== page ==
What a Day Looks Like on a Multi-Week Trekking Expedition
This is one of the days where the pass seemed to take forever to reach; that’s it in the distance

Trekking in Ladakh Zanskar – lunch routine

Lunch was usually served somewhere between 11:30 AM and 12 PM. After hiking hard for many hours we’d all be famished. The cook, Badum would have prepared a hot meal when he was making breakfast. (Don’t ask me how he did it in his little tent!)

Norbu the 22 year old cook’s helper would be the guy to carry the tiffin – a stacked tin affair with all the different parts of lunch kept separate. Many times we’d have something with curry and rice and for the first two weeks that was always great. But after 2.5 weeks of non-stop curry I confess to needing a curry break for several more months.

Purba - a cook's helper from Nepal helps with serving of a hot lunch
Purba – a cook’s helper from Nepal helps with serving of a hot lunch (rice and dal)

Arrival in camp

Most afternoons we’d roll into camp somewhere between 2:30 PM on an easy day and up until 6 PM on a tough day with the average around 3:30 PM.

The horsemen and cooks usually beat us to camp so our tents would already be up – and that’s after getting the kitchen and cook tents up. The blue tent in the photo is the toilet tent and it was always positioned well away from the rest of the camp to provide a sense of privacy.

Trekking in Ladakh Zanskar - at most campsites there's a reasonable degree of privacy between tents
At most campsites there’s a reasonable degree of privacy between the tents

Depending on the day we might have time to wash clothes and ourselves while the sun was still high in the sky. Afternoons were usually hot so clothes dried very quickly. At 4 PM tea and hot chocolate would be served in the kitchen tent along with cookies or some other snack like deep fried rice crackers.

Then we’d have several hours of down time until dinner was served at 7 PM. Usually we’d nap, read or just stare out into space in a state of complete exhaustion.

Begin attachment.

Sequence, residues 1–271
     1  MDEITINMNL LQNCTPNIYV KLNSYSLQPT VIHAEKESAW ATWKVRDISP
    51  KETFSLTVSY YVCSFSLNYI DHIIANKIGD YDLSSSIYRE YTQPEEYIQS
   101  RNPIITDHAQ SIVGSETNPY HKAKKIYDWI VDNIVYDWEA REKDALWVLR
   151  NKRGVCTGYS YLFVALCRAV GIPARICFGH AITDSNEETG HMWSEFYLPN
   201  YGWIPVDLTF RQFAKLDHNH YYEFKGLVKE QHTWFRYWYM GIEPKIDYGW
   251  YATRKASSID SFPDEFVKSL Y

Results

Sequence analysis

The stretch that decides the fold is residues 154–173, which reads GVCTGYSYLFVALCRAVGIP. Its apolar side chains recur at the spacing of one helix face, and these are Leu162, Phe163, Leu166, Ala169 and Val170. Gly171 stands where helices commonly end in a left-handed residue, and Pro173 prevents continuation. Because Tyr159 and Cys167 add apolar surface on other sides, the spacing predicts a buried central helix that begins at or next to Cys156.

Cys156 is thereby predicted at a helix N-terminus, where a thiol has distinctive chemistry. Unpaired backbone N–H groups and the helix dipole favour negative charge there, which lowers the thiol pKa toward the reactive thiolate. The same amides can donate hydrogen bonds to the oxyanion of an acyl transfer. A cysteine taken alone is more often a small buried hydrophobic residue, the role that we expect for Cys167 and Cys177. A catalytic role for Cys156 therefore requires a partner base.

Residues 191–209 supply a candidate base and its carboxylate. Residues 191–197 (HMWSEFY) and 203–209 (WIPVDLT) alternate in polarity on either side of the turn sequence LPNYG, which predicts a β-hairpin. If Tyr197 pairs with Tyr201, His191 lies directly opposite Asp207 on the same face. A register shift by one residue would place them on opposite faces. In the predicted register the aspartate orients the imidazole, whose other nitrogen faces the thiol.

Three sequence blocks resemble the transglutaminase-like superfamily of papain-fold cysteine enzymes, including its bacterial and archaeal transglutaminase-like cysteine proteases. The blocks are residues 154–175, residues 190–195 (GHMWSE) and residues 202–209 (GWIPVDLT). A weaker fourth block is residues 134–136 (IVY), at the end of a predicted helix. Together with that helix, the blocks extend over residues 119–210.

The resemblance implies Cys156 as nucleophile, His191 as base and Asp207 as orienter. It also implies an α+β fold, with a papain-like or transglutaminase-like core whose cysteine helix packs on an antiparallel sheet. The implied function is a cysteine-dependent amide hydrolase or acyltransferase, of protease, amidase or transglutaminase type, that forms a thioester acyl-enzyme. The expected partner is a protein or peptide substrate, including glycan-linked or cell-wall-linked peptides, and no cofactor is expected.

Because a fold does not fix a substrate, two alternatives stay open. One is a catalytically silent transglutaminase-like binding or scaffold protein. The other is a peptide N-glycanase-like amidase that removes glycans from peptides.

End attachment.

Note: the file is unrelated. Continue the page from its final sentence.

Our second camp was one of the coldest nights with ice forming on the streams
Our second camp was one of the coldest nights with ice forming on the streams

Dinner in the dining tent

Thank heavens for a dining tent as it made an enormous difference to our comfort level. By the time 7 PM would roll around it would be cold enough that you’d want a hat, a down coat and sometimes a bulky coat on top of all of that.

Dinner always started with soup as a quick way to warm up and rehydrate. Our guide Pradeep always joined us for dinner so we could discuss the plan for the next day. And that’s the time we’d have discussions about India and get a better sense of what life was like for not only Pradeep but the other men who were part of the trip.

What a Day Looks Like on a Multi-Week Trekking Expedition
Our two guides Tundup and Pradeep

After the soup was taken away approximately five different, mostly high carbohydrate dishes would arrive, a few minutes apart. You’d take a bit of something and then yet another dish would show up that looked even more appetizing.

The cooks did an excellent job and the food was way better than anything I had on the Nepal trek. We always finished with dessert. On two memorable occasions we were served homemade apple pie – and cakes showed up several times. Canned cherries were also a popular item. (Despite eating a lot of food everyone lost weight – as much as 15 pounds over the length of the trek.)